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Children’s Art Installation Connects the World through Color

The exhibit, curated by Zoe Yin ’19, features work from artists mainly between ages ten and twelve. C.Waggoner/The Phillipian

The exhibit, curated by Zoe Yin ’19, features work from artists mainly between ages ten and twelve.

With a white bird perched on the right frame, a pair of bright pink glasses stands out against the gray, monotone background. The lenses reflect a rainbow stretching across a blue and green landscape. The background of the drawing contains countless details, depicting endless crowds standing amongst tombstones and tall buildings.

“From a distance it looked like it was just this colorful sunglass, and [the background] was just black and white, but then when I walked over I saw that there’s actually a lot of detail behind it… We see the buildings and the skyscrapers, that’s probably from the city, and there’s a lot of people, so maybe this is a protest. On the sunglasses you see a rainbow, and maybe it’s suggesting hope for a better future through sunglasses,” said Ava Long ’21.

This piece is one of the many colorful drawings that are part of the new art installation in the first floor of Oliver Wendell Holmes Library (OWHL). Zoe Yin ’19, curator of the exhibit, cited the drawing of the pink sunglasses as one of her favorites. Yin brought this exhibit of children’s artwork to Andover from the International Child Art Foundation (ICAF) to showcase their pieces to a larger audience.

“Since I personally knew the chairman of the ICAF since I was really little, and I really identified with this foundation’s mission, I thought that I should do my part and give these children this accessibility since as an artist, I understand that getting space is the most difficult thing to do. What better place could there be to do it than at Andover?” said Yin.

Yin framed the pieces over Spring Break, and the artwork was installed last weekend in the lobby and on the bulletin board in OWHL. The children whose art is showcased are mainly ten to 12 years old and send in their work from all across the world.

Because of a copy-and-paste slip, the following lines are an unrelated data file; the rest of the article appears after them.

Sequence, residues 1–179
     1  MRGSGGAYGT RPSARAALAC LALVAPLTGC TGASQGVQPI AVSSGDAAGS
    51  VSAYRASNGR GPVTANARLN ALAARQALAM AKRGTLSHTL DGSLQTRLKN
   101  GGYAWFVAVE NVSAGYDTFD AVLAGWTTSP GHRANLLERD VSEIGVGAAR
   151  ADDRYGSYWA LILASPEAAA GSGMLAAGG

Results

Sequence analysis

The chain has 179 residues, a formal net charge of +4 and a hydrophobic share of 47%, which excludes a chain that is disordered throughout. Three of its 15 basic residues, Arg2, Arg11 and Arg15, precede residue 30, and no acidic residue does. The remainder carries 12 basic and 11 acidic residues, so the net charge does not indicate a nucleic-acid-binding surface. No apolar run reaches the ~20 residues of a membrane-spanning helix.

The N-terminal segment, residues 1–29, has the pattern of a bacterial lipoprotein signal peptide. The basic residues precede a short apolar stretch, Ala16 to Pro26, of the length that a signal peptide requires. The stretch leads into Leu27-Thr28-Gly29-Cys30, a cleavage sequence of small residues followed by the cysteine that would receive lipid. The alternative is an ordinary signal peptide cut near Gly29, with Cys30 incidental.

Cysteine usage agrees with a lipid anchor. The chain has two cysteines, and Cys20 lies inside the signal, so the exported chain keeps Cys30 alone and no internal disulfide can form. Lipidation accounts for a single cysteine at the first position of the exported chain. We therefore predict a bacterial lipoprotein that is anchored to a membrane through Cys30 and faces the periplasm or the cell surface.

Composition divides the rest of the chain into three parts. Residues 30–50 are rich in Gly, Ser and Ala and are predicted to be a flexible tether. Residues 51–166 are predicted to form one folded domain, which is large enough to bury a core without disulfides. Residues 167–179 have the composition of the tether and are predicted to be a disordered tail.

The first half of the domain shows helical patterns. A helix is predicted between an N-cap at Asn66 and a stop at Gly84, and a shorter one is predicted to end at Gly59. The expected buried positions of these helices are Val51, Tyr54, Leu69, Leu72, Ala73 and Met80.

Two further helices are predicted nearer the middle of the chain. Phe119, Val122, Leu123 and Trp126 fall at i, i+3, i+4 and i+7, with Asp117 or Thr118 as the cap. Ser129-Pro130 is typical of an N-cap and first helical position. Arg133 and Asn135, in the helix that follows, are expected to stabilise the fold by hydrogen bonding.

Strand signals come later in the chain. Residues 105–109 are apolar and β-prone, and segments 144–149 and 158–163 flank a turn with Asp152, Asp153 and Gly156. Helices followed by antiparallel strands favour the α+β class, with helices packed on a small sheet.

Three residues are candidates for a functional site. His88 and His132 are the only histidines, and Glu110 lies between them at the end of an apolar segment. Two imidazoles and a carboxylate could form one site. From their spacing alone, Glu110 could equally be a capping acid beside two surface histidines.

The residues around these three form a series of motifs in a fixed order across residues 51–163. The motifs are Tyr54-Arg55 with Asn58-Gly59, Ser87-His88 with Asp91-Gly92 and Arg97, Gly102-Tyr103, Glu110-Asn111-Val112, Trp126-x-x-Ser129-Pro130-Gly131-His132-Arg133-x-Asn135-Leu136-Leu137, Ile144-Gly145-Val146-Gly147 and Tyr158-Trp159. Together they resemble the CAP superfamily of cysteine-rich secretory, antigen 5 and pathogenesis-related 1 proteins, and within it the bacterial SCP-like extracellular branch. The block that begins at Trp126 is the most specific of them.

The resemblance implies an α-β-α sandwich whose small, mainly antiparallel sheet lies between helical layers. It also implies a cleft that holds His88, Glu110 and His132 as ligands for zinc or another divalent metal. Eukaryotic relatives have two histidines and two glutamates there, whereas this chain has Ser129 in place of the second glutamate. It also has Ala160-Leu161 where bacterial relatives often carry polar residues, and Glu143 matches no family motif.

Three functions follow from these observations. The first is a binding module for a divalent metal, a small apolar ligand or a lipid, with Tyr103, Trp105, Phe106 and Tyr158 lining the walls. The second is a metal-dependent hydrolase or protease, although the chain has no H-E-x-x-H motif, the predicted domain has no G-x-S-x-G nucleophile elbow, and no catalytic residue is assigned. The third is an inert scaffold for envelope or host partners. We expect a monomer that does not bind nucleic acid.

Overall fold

Yin hopes to help the children’s artwork find a larger audience, which she had difficulty with as a young artist.C.Waggoner/The Phillipian

Yin hopes to help the children’s artwork find a larger audience, which she had difficulty with as a young artist.

Adrienne Zhang ’18 said, “It’s so full of passion and vibrancy because it’s done by children. You can see their imagination and you can see their innocence [through] the colors that they use, the combination of people, animals, and landscape that they used. It’s just stuff that a professional or adult artist would never think of, and that quality really captures the interests that these children have in what they’re doing.”

The artwork, apart from demonstrating innovative and political ideas, also features a theme of inclusion.

“[ICAF] believe[s] that art can over time generate positive social change. Art is kind of like this universal language,” said Yin. “So in that case it transcends any kind of barriers that we have between us. These artworks show this sort of desire and wish for people to be connected and to have tolerance and respect for one another. And it’s really amazing that these kids really want to be a part or create this kind of peaceful and harmonious society even though they’re so young.”

Yin hopes to exhibit more children’s artwork in the future, especially those that otherwise might not be seen as widely. She believes that Andover will be able to appreciate their pieces. 

“Even though [the artists] might not be here in person, it’s just wonderful to know that there’s someone looking at your artwork and they really enjoy it. So right now there is now future exhibition set in mind, but my hope is that if this exhibition is successful and well received, that maybe we might be able to do another one in the near future, whether it’s here or somewhere else.”

Apr 6, 2018